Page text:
February 11, 2011

In its heyday...

Oakland City Hall
The City of Oakland, south of Berkeley and across the bay from San Francisco, became the gateway to the gold country in 1849 after gold was discovered at Sutter's Mill in Coloma, California.  Horses and wagons loaded with supplies would begin from this point, cross through the Sacramento Valley and reach the foothills of the Sierra Nevada in the dry brown hills on the south fork of the American River.  It's familiar to me because Coloma was where I went camping in summer when my children were young.  Panning for gold was grueling, backbreaking work and few actually found any nuggets to speak of.  Those who worked mines and sluices made out better, but those who stood in the water and hoped something would land in their pans eventually gave up, or died trying.

Oakland very quickly became a settlement and incorporated as a city in 1852.  Previously, of course, the land had been inhabited by the Ohlone peoples who were displaced by the Spanish in the 18th and 19th centuries.  Then Russia began to lay claim to the land moving in from Alaska.  Then in 1849, American troops conquered the territory mostly influenced by the discovery of gold.   In the late 1860s, the Transcontinental Railroad completed its western journey at Oakland and the city became an important port for the delivery of supplies to the western cities.

Downtown building for offices and condos
It was also a resort area for people fleeing the cold winds of San Francisco.  Ferry boats brought people across the Bay to the warmer climate and they built lovely summer homes and estates in the hill country overlooking the water and beyond the fog region that locks San Francisco into its grip in summer.  After the big San Francisco earthquake in 1906, many people moved to the East Bay and it further developed.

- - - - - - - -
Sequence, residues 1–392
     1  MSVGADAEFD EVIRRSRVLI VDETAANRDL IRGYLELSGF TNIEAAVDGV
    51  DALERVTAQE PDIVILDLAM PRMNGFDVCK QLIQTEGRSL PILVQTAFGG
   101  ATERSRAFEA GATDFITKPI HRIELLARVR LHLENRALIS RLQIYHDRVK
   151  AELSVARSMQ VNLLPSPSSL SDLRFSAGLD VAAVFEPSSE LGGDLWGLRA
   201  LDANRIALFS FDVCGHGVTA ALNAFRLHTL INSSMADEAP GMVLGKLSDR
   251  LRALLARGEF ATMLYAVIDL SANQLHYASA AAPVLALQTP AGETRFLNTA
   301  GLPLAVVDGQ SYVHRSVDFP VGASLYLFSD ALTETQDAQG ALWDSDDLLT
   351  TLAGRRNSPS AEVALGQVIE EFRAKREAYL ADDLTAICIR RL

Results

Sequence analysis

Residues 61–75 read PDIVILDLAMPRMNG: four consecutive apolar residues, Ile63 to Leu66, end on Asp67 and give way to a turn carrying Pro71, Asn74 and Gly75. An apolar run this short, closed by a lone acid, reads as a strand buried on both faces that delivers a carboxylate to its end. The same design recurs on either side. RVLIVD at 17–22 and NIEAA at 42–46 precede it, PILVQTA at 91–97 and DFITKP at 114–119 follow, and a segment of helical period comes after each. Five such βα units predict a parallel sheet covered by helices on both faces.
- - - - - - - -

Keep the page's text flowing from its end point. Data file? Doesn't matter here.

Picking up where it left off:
Numerous immigrants moved to Oakland during World War II and the city became a center for industries supporting the war effort.  Consequently, it has a very high ethnic diversity.  While the San Andreas earthquake fault line runs through San Francisco, the equally treacherous Hayward fault runs right through Oakland.  The surrounding hills make it a gorgeous place.  It has a difficult reputation since there is a high level of unemployment, poverty, and crime.  Although those social issues are present, it isn't the complete story as the city is also balanced by thriving neighborhoods, excellent public transportation, rich cultural opportunities, museums, music and superb regional parks.  In many ways, the reputation is undeserved.

I was downtown on Thursday to have lunch with my daughter.  Since I went by bus, I could enjoy a look at the magnificent buildings and architecture that grace the downtown region.  I can't help feeling this is an up and coming city that will be restored to a deeper safety and will overcome its hardships.  Jerry Brown was once mayor of Oakland and is now governor of the state.  I have to admit he's one of a kind.  The other day he needed to fly from Sacramento to Los Angeles.  He demonstrates what a politician should demonstrate.  He flew coach on a standard flight and sat with the real people having conversations with everyone listening to what they had to say.  I suspect that's how he'll continue to travel throughout the state.  He has a soft spot for Oakland and still keeps his condo at Jack London Square.  He's my kind of governor.